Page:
2. empty memory-cache, loading all urls from server, write them to cache (clearing cache before this step)
  3. memory-cache primed by pervious step, read all urls from cache again
  4. empty disk-cache, loading all urls from server, write them to cache (clearing cache before this step)
  5. disk-cache primed by pervious step, reading all urls from cache
  6. memory-cache filled with small (128bytes) entries, loading all urls from server, write them to cache (clear and pre-load cache before this step)
  7. memory-cache primed by pervious step, read all urls from cache
  8. memory-cache filled with large (128Kb) entries, loading all urls from server, write them to cache (clear and pre-load cache before this step)
  9. memory-cache primed by pervious step, read all urls from cache
  10. disk-cache filled with small (128bytes) entries, loading all urls from server, write them to cache (clear and pre-load cache before this step)
  11. disk-cache primed by pervious step, read all urls from cache
  12. disk-cache filled with large (128Kb) entries, loading all urls from server, write them to cache (clear and pre-load cache before this step)
  13. disk-cache primed by pervious step, read all urls from cache

This whole procedure is repeated over a given list of datasizes, clearing the cache between each repetition.

Time is measured in two ways: 1) for each individual load by by using the nsITimingChannel interface of the channel, and 2) by measuring run-time of the complete loop from the test itself.

Informally one can say that this test triggers loading a large number of uniformly sized resources at the same time, somewhat similar to what happens when starting up firefox with lots of open tabs. Time to finish loading all resources is measured over combinations of memory-cache vs disk-cache, empty cache vs full cache, cache containing small entries vs large entries, and all items found in cache vs no item found in cache.

Generated datafiles

The test writes data into a number of files. Note that all files are appended, meaning that if they exist prior to the run, you may have unexpected results...

Format is multi-data with one datablock for each datasize run by the test. Each datablock has a header describing the datasize, then one row for each of the configurations described above, summing up the results from the loop. Datapoints are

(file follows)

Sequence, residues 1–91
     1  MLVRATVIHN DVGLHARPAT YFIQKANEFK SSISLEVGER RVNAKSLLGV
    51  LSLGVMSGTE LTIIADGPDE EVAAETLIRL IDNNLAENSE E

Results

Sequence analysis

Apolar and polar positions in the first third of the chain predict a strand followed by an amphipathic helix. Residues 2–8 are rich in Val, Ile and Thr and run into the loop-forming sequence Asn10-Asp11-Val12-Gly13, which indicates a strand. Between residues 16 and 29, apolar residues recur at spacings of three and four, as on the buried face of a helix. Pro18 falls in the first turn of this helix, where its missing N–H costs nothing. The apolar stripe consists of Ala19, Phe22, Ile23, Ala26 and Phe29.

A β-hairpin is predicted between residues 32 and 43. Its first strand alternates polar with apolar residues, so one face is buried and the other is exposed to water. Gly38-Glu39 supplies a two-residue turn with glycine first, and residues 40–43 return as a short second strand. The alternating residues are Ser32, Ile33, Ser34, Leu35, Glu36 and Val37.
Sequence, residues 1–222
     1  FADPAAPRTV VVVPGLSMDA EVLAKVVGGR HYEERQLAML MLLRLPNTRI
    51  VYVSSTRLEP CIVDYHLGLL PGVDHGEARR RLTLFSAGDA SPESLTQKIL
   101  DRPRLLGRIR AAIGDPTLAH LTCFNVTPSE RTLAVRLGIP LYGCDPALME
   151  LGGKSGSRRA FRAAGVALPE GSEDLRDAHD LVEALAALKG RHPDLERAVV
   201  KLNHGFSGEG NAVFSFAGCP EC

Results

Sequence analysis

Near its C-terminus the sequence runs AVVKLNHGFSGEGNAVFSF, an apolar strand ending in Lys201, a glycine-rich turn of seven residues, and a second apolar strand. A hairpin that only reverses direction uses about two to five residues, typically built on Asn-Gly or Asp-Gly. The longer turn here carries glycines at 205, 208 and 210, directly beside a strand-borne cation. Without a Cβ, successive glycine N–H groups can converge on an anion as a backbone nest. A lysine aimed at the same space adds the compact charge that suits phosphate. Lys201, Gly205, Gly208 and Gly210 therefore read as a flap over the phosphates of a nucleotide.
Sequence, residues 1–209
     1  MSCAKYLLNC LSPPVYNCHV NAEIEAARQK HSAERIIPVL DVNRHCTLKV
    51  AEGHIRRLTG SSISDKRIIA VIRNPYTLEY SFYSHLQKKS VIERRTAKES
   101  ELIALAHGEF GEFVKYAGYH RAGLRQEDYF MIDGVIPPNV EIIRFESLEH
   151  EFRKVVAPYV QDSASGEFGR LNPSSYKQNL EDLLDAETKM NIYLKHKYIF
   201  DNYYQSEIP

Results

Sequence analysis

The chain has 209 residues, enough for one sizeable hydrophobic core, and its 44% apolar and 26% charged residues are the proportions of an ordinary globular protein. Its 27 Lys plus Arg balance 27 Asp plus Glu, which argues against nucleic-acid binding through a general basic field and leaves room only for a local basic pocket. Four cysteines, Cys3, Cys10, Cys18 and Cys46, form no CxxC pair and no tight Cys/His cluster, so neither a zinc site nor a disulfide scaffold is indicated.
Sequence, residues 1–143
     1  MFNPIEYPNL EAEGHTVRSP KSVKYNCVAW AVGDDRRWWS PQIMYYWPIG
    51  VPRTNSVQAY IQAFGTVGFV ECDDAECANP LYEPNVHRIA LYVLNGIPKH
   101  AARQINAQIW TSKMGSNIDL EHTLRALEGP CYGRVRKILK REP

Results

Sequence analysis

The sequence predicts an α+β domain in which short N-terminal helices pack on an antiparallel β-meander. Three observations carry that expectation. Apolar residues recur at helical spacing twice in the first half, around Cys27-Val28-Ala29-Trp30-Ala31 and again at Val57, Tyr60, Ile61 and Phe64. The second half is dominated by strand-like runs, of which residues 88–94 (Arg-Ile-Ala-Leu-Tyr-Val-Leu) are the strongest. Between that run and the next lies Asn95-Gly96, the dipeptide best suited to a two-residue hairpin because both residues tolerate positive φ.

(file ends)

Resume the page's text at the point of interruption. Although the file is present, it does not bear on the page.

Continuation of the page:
1. description of the configuration
  2. minimum value from the loop
  3. maximum value from the loop
  4. calculated mean over the results from the loop
  5. standard deviation over all data from the loop
  6. number of iterations in the loop
  7. time measured by the test using for the loop
  8. time measured by the test using for the loop, including syncing with the cache-io thread at the end
One file for each datasize run by the test. The format is multi-data with one datablock for each configuration. Each row represents one resource-load in actual order. The datapoints in each row are
  1. timestamp of create
  2. time from create to asyncOpen
  3. time from asyncOpen to cacheEntryAvailable
  4. time from cacheEntryAvailable to cacheReadStart
  5. time from cacheReadStart to cacheReadEnd

alternatively (if loaded from channel, not from cache)

  1. timestamp of create
  2. time from create to asyncOpen
  3. time from asyncOpen to cacheEntryAvailable
  4. time from cacheEntryAvailable to responseStart
  5. time from responseStart to responseEnd

Referring to Telemetry-data accumulated by nsLoadGroup, (2+3) corresponds to Telemetry::HTTP_PAGE_OPEN_TO_FIRST_FROM_CACHE alternatively Telemetry::HTTP_PAGE_OPEN_TO_FIRST_RECEIVED, and (2+3+4) corresponds to Telemetry::HTTP_PAGE_COMPLETE_LOAD.

Files to work with GnuPlot (requires Gnuplot >= 4.4)